Supporters of Niger’s junta were compelled to suspend a census of persons prepared to serve for non-military jobs in defense of a hypothetical intervention by West African countries on Saturday, claiming that the turnout was overwhelming.
Thousands of people, mostly young men, had gathered outside a stadium in the capital Niamey hours before the event’s scheduled start time, demonstrating the junta’s strong support in some quarters following the July 26 ouster of President Mohamed Bazoum.
“In all our calculations and our understandings, we never thought we could mobilize (this number of people),” said Younoussa Hima, co-organiser of the initiative dubbed “The Mobilisation of Young People for the Fatherland.”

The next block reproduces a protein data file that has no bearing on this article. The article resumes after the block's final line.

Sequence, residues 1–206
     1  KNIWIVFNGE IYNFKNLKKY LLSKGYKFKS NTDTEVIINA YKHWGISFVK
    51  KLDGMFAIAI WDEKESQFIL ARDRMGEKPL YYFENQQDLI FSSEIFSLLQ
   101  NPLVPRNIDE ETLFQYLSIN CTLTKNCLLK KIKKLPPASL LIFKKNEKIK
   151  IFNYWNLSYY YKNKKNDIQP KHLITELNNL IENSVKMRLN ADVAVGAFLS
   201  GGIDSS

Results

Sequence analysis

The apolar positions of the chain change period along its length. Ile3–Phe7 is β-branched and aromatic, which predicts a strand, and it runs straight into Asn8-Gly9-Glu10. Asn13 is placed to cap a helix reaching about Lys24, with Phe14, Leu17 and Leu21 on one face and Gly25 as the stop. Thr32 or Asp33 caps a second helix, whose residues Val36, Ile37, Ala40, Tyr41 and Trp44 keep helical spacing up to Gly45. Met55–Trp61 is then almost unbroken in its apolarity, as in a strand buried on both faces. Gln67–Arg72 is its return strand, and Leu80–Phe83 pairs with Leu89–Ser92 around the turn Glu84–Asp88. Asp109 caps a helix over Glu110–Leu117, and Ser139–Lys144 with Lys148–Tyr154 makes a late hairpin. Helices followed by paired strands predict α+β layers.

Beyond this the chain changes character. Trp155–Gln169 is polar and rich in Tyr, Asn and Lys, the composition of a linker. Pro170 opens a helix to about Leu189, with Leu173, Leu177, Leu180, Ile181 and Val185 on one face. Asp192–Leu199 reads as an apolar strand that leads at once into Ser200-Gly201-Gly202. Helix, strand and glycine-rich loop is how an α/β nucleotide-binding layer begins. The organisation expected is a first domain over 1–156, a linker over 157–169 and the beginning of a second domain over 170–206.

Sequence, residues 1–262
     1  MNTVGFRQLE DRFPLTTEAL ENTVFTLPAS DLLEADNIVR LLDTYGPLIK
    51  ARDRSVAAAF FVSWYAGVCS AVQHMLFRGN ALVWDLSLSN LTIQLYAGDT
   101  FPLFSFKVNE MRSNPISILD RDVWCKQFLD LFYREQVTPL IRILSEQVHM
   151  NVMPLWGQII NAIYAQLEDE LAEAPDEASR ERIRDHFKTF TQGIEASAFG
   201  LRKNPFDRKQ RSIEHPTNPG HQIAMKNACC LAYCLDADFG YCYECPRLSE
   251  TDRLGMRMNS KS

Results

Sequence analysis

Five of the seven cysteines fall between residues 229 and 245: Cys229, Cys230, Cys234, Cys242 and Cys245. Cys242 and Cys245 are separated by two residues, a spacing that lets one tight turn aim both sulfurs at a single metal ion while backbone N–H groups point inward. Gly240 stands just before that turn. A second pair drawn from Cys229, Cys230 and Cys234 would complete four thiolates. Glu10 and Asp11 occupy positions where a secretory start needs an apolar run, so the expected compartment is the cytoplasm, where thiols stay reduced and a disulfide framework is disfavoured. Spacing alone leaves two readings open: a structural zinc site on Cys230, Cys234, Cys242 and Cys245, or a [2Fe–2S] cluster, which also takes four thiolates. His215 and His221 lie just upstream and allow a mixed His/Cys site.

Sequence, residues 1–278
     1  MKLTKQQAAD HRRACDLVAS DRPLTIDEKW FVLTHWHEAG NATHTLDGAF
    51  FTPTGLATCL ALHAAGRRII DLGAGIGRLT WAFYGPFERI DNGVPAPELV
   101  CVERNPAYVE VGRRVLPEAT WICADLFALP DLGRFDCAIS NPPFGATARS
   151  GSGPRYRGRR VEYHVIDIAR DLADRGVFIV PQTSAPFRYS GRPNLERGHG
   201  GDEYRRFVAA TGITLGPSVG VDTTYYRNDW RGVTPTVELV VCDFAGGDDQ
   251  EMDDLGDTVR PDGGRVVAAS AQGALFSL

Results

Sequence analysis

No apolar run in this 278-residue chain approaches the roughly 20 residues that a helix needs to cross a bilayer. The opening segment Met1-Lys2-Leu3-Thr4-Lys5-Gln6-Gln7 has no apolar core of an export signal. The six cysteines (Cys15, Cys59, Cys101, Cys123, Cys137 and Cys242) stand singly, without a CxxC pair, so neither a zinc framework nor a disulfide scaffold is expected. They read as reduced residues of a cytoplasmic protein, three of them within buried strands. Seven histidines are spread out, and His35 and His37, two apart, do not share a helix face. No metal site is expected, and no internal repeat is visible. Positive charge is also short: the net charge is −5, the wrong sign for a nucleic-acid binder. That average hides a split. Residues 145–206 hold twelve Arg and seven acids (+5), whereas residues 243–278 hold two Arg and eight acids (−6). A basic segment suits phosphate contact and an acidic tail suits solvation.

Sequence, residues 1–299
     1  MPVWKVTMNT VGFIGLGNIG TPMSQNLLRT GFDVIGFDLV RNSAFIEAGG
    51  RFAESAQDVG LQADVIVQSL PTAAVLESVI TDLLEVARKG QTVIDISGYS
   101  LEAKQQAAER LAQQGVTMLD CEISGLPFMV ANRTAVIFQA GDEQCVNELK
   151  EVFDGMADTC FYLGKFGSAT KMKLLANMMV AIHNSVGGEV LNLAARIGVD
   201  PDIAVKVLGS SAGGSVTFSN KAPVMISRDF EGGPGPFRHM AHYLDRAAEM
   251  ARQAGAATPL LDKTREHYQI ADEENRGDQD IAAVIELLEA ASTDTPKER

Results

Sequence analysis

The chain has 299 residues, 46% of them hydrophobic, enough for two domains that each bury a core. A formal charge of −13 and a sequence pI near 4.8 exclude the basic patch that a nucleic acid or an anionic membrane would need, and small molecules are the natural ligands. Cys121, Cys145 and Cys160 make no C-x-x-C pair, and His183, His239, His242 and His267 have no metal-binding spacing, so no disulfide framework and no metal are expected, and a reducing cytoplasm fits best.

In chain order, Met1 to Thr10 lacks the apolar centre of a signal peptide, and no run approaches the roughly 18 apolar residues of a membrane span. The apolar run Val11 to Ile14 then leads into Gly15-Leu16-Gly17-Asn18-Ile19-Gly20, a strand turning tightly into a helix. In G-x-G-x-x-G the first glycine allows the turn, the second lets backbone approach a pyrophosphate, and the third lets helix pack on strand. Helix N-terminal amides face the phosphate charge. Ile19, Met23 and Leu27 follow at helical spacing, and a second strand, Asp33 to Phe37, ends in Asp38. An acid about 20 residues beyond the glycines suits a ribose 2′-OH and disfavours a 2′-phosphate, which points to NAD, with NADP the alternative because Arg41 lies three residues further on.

“So it is really difficult for us today to do this work. That is what made us halt this census,” Hima said by the stadium after the crowds dispersed.
West Africa’s main regional bloc, the Economic Community of West African States (ECOWAS), on Friday said it had agreed an undisclosed “D-Day” for a possible military intervention if diplomatic efforts fail – an escalation that could further destabilize a conflict-torn and impoverished region.
Organizers of the Niamey recruitment drive said they did not intend to sign up volunteers for the army, but rather to gather a list of people willing to lend their civilian skills in case ECOWAS attacks.
But many of those around the stadium appeared keen to fight.